singed lower left A Hanzen
oil on canvas
30 x 40 cm
private collection Czech Republic
Price on request
The Sunny Day is painted by the Russian marine artist Alexey Hanzen. It is a beautiful Mediterranean region presented in bright, gleaming colours. Being a grandson of the renowned marine painter Ivan Aivazovsky, Hanzen has inherited his grandfather's fondness for seascapes, storms and the Navy. However, unlike many of Aivazovsky's quite stern works, Hansen's Sunny Day, like many of his other paintings, is filled with cheerfulness, glow and peace. The warm palette of the picture accurately conveys the atmosphere of the second homeland of the artist, Yugoslavia, where he relocated together with his family in 1920. For the seventeen years, Hanzen has been tireless in praising the Dalmatian coast and its mountainous terrain, its bays and multiple peninsulas scattered around. The Sunny Day continues the rich traditions of Russian marine painters. Seascape originated as an independent genre in the early XVII century in the Netherlands. Whether it was nature's fury and rage as a sea storm or mirror-like water surface epitomising serenity, artists have been drawn to seas and oceans and were mesmerised by the wild blue yonder. Seascape has reached its Golden Age with the arrival of an English Romantic artist, J. M. W. Turner, in the XIX century. Further development is influenced by Impressionism that has left its trace in The Sunny Day as well. Rose coloured, warm light which permeates the air in the painting, as well as the play of glares, soft shadows and the emerging haze, reveal the artist's interest in the expressing the intricacies of ephemeral, elusive world in the painting. Seascape has followed the current tendencies of the time and was modified according to the prevailing trends in art. Postimpressionists such as Signac and Seurat infused their marine scenes with rainbow coloured mists. Despite the influence of Western trends in art, Hanzen, to a great extent, has remained faithful to the Russian school of painting, following the teachings of his distinguished grandfather, and realistic traditions.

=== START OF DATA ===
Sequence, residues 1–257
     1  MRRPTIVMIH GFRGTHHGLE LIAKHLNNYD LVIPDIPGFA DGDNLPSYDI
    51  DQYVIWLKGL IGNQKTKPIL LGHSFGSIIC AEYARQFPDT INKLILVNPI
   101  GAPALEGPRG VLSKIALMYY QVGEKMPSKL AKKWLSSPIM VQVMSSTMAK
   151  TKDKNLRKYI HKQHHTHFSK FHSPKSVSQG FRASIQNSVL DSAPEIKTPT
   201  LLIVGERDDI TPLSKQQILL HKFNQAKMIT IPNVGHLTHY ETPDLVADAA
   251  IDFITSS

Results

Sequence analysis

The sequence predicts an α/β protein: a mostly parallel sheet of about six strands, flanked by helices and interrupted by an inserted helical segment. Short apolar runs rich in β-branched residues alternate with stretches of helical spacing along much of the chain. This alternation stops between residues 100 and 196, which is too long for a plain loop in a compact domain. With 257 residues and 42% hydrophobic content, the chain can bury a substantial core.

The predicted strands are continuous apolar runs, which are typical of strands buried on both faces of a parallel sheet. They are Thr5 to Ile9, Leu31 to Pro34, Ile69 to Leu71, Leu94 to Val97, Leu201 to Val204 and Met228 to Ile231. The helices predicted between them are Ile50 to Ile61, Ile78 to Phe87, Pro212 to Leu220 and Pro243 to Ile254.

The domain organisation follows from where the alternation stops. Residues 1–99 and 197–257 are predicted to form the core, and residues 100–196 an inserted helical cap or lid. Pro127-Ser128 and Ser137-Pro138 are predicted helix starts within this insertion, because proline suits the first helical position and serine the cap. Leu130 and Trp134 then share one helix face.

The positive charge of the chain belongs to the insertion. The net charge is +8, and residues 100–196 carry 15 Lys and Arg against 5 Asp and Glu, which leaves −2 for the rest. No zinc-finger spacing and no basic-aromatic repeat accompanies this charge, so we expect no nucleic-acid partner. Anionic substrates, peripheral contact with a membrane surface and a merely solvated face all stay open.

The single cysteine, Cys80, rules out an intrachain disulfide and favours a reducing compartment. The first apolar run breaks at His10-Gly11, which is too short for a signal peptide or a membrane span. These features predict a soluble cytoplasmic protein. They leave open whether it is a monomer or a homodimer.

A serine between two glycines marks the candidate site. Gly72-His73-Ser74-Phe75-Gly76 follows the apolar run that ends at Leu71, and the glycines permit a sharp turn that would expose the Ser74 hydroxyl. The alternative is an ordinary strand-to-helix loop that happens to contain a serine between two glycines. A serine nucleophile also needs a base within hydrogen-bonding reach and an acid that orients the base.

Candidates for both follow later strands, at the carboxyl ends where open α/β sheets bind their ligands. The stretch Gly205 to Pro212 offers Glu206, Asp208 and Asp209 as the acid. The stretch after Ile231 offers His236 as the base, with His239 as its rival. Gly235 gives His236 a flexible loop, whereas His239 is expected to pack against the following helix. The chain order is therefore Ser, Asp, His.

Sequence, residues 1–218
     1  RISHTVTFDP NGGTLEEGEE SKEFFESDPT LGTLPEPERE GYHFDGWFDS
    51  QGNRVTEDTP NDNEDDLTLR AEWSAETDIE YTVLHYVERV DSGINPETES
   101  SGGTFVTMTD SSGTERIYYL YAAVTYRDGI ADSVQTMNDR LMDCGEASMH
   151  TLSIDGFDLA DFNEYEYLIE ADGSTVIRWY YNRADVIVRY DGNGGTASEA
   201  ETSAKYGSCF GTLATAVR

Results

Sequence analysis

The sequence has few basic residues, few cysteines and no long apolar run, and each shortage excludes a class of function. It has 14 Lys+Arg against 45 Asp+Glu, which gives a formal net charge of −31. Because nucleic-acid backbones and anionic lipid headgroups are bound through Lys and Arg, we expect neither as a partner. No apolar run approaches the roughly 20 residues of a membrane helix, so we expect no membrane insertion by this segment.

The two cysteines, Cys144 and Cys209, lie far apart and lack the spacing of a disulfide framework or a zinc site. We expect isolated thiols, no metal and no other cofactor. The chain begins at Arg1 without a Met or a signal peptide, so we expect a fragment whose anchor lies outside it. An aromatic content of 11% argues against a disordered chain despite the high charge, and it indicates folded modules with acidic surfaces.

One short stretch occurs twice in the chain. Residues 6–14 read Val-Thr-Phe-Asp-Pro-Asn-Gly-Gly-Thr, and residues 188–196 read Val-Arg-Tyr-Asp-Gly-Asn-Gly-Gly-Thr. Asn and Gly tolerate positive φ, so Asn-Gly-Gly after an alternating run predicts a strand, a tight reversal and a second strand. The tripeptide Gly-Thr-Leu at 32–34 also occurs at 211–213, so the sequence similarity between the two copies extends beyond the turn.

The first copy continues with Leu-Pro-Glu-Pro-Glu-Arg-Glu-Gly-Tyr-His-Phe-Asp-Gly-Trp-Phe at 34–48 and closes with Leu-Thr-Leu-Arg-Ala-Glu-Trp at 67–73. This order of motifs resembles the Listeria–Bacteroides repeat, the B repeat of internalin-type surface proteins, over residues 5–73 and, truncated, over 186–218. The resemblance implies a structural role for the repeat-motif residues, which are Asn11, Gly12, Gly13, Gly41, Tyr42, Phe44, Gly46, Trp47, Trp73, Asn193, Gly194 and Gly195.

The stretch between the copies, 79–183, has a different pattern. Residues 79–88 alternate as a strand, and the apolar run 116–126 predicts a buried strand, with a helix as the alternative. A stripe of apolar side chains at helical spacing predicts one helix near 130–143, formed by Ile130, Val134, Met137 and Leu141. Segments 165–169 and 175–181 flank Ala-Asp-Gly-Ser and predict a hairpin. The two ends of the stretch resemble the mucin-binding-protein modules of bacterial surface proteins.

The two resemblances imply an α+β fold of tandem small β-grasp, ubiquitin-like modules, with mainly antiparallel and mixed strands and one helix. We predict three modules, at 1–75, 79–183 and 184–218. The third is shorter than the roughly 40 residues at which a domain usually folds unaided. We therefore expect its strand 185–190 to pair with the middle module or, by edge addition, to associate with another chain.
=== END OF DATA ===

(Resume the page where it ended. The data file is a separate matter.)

In the second half of the XIX century, the primary motives for the marine landscape have shifted to a contemplative aspect. The coast has become an essential part of the seascape, and the emphasis has already been turned from the sea, as an environment for battles or demonstrations of the Navy, to the coastal waters as a place for rest, enjoyment and observation. Sea rocks, majestically rising from the depth of the sea, and small islands, which are beautifully scattered around the Adriatic coast, are now more significant than they used to be. Previously, they had been included mainly in the scenes of shipwrecks, but now they have their own aesthetic value. Indeed, this atmospheric mood is the goal itself in the painting like The Sunny Day, and its main protagonists are the sea and the shore. There is no confrontation between man and nature as in many famous marinas. The picture is imbued with a sense of harmony and integrity. Especially in Russian painting of the XIX century, the sea is perceived as an image of freedom beyond anyone's control. This feeling persists in the work of Hansen, where the sea and the shore act as something eternal, adamant. The picturesque freedom inherent in the work of Hanzen does not involve any pompousness or pretension. The Sunny Day impresses the viewer with its ease, tranquillity, and masterfully conveyed atmospheric mood. Hanzen had arrived on the Adriatic coast as an already known and respected artist with an established artistic style. There is no doubt that his work has influenced contemporary art in Croatia and has developed some tendencies in the seascape.